The Rhetorical Slip: Matthew 26:57-68

Focus Passage: Matthew 26:57-68 (NCV)

57 Those people who arrested Jesus led him to the house of Caiaphas, the high priest, where the teachers of the law and the elders were gathered. 58 Peter followed far behind to the courtyard of the high priest’s house, and he sat down with the guards to see what would happen to Jesus.

59 The leading priests and the whole Jewish council tried to find something false against Jesus so they could kill him. 60 Many people came and told lies about him, but the council could find no real reason to kill him. Then two people came and said, 61 “This man said, ‘I can destroy the Temple of God and build it again in three days.’”

62 Then the high priest stood up and said to Jesus, “Aren’t you going to answer? Don’t you have something to say about their charges against you?” 63 But Jesus said nothing.

Again the high priest said to Jesus, “I command you by the power of the living God: Tell us if you are the Christ, the Son of God.”

64 Jesus answered, “Those are your words. But I tell you, in the future you will see the Son of Man sitting at the right hand of God, the Powerful One, and coming on clouds in the sky.”

65 When the high priest heard this, he tore his clothes and said, “This man has said things that are against God! We don’t need any more witnesses; you all heard him say these things against God. 66 What do you think?”

The people answered, “He should die.”

67 Then the people there spat in Jesus’ face and beat him with their fists. Others slapped him. 68 They said, “Prove to us that you are a prophet, you Christ! Tell us who hit you!”

Read Matthew 26:57-68 in context and/or in other translations on BibleGateway.com!

During the night Jesus was arrested and brought to trial, I find an interesting shift in the rhetoric the high priest uses to push his agenda towards death. It is subtle, and if we are not paying close attention to the verses, we might end up missing it.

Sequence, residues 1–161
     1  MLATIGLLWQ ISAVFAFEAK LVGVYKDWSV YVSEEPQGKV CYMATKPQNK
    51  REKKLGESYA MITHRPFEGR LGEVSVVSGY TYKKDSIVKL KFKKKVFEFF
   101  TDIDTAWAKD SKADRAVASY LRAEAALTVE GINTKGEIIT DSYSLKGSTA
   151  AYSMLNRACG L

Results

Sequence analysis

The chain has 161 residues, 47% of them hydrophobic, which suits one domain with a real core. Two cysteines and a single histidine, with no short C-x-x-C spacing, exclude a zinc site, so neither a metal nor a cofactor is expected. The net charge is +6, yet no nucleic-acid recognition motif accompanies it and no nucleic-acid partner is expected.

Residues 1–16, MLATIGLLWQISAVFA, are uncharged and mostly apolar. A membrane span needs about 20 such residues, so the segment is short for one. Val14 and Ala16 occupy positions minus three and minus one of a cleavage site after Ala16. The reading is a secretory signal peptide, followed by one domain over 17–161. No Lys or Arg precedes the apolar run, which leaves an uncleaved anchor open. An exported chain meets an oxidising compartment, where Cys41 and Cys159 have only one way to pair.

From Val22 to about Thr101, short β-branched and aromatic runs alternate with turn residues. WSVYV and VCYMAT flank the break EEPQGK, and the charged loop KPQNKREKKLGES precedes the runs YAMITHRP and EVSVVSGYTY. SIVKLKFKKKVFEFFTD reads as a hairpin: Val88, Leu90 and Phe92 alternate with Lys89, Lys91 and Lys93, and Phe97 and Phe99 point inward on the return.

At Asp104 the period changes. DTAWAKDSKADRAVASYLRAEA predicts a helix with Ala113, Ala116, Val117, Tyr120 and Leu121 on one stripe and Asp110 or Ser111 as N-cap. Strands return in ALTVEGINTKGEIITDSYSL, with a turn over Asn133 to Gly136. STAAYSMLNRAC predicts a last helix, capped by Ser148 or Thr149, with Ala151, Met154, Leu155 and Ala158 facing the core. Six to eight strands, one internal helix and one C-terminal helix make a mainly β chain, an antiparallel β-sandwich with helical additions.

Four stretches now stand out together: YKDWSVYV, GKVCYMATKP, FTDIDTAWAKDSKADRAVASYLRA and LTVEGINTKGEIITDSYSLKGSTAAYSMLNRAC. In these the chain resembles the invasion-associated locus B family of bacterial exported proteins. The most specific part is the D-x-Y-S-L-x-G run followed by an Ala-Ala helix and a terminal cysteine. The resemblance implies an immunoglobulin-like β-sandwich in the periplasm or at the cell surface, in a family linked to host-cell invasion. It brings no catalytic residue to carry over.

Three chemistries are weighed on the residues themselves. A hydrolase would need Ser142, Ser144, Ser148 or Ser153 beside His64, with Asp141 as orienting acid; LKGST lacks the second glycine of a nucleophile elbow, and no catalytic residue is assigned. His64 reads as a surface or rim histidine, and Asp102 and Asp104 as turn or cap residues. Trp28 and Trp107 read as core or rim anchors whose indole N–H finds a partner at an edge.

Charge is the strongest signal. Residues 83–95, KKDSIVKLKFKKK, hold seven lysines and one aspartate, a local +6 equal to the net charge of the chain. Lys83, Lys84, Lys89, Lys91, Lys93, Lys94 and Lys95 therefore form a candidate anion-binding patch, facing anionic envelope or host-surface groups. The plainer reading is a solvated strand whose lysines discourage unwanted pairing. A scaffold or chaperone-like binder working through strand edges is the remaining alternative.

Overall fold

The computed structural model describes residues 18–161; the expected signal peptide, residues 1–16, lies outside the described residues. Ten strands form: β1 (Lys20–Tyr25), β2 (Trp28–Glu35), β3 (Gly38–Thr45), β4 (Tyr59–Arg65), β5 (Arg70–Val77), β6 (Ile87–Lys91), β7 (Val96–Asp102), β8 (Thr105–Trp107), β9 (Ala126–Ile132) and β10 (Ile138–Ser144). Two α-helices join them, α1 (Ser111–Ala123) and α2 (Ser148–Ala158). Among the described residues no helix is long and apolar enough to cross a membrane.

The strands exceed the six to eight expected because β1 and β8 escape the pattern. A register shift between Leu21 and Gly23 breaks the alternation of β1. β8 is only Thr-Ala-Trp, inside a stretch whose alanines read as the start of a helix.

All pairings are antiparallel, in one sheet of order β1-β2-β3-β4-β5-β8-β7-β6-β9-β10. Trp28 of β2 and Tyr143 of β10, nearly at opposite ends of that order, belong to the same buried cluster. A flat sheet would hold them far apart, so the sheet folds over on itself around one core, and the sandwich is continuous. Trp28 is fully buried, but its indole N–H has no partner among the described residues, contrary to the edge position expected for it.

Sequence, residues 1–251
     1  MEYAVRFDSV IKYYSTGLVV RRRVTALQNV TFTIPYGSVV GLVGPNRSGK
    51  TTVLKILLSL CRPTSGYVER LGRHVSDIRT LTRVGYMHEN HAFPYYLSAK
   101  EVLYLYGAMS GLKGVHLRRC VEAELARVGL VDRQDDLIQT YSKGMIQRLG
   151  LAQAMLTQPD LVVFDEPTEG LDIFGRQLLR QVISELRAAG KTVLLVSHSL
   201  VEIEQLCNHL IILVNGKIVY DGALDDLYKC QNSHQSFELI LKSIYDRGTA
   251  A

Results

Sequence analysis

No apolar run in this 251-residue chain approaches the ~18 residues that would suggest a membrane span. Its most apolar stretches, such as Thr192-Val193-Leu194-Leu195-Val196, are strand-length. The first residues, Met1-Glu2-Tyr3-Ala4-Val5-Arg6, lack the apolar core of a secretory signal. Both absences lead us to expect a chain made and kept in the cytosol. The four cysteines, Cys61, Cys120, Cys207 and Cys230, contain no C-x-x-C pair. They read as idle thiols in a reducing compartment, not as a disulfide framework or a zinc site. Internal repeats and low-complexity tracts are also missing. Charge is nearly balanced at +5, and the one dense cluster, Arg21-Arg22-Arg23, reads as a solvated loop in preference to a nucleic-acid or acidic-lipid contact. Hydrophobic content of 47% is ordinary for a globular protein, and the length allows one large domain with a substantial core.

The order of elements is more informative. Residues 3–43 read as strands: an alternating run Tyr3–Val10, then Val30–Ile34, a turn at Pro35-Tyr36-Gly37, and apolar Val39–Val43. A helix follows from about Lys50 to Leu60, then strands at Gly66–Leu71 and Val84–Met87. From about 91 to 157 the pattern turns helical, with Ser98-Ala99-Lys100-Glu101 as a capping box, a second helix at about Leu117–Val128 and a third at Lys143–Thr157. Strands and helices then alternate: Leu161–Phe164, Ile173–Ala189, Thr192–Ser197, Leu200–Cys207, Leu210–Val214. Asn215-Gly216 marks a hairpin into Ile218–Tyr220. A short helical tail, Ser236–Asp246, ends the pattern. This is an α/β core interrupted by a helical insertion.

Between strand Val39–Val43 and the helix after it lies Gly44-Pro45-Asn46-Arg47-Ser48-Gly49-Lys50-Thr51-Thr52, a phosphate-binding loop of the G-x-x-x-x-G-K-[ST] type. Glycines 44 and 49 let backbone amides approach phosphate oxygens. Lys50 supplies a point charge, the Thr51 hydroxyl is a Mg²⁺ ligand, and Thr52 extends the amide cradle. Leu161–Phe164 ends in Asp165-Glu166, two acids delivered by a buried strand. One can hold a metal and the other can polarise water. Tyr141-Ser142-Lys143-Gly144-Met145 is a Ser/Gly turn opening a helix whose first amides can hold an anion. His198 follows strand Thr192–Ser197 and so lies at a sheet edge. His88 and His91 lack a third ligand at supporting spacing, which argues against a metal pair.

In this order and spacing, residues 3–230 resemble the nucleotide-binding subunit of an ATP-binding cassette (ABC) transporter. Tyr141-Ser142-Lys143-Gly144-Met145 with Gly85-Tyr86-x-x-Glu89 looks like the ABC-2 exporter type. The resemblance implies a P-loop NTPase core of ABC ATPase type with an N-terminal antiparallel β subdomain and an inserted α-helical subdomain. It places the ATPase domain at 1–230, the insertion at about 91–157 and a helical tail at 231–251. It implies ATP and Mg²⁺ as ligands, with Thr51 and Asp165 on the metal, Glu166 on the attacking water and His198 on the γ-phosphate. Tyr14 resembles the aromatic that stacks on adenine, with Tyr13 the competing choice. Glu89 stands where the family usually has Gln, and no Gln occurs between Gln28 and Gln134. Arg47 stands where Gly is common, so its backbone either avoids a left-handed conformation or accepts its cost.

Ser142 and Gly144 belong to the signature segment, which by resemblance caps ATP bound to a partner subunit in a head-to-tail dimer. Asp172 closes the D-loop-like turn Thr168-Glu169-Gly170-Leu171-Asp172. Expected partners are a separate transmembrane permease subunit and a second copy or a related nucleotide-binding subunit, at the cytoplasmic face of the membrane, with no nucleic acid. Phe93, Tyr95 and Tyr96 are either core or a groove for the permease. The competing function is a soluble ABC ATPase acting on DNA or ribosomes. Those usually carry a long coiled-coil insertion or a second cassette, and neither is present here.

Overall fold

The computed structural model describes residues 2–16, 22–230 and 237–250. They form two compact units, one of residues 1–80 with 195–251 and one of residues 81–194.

When challenged by the high priest about whether He was the Messiah, Jesus responds by saying, “Those are your words. But I tell you, in the future you will see the Son of Man sitting at the right hand of God, the Powerful One, and coming on clouds in the sky.” (v. 64)

Immediately following Jesus’ response, the passage says in verse 65 that the high priest “tore his clothes and said, ‘This man has said things that are against God!’” Firstly, the high priest was commanded to never tear his clothing. Other people were allowed to, but not the high priest.

But even deeper than tearing his clothes is a question we should all ask ourselves: What did Jesus say that was against God?

Jesus compliments God by calling Him the Powerful One, and all Jesus said is that in the future, God will elevate Him to the place of honor at His right hand. Perhaps the high priest found it disrespectful that God would place a human in the position of honor, or that Jesus would claim to know this. Either way, nothing in this statement speaks against God. If God wanted to, He could place any creature or object at His right hand. As King of the Universe, He can choose to honor anyone or anything He wants to.

But the High Priest uses the only statement Jesus says as a claim against God. First He frames the simple statement as one that is against God, then he follows up with confirmation: “We don’t need any more witnesses; you all heard him say these things against God.” (v. 65b)

In this response, we see the high priest using the only opening he has, and a very weak one at that, to seal Jesus’ fate. The decision was initiated by him, and all that was really needed were a handful of vocal supporters in the crowd to push the group to a consensus that supported the high priest’s argument.

Knowing there was the support in the crowd, the high priest opens the floor to the opinion of others (i.e. his vocal supporters), and his supporters quickly push the crowd towards thinking death rather than analyzing what the high priest has just done.

This brings up a very big truth that we must all remember: When looking at anything that involves faith, belief, and/or life, we must be extra diligent to look analytically at the details of what is happening. Belief in God never requires blind faith. God has given more than enough evidence for those who honestly seek it. When judging someone’s life, we must be wary of being swept up in the popular opinion of the crowd we are in.

This thought was inspired by studying the Walking With Jesus "Reflective Bible Study" package. To discover insights like this in your own study time, click here and give Reflective Bible Study a try today!

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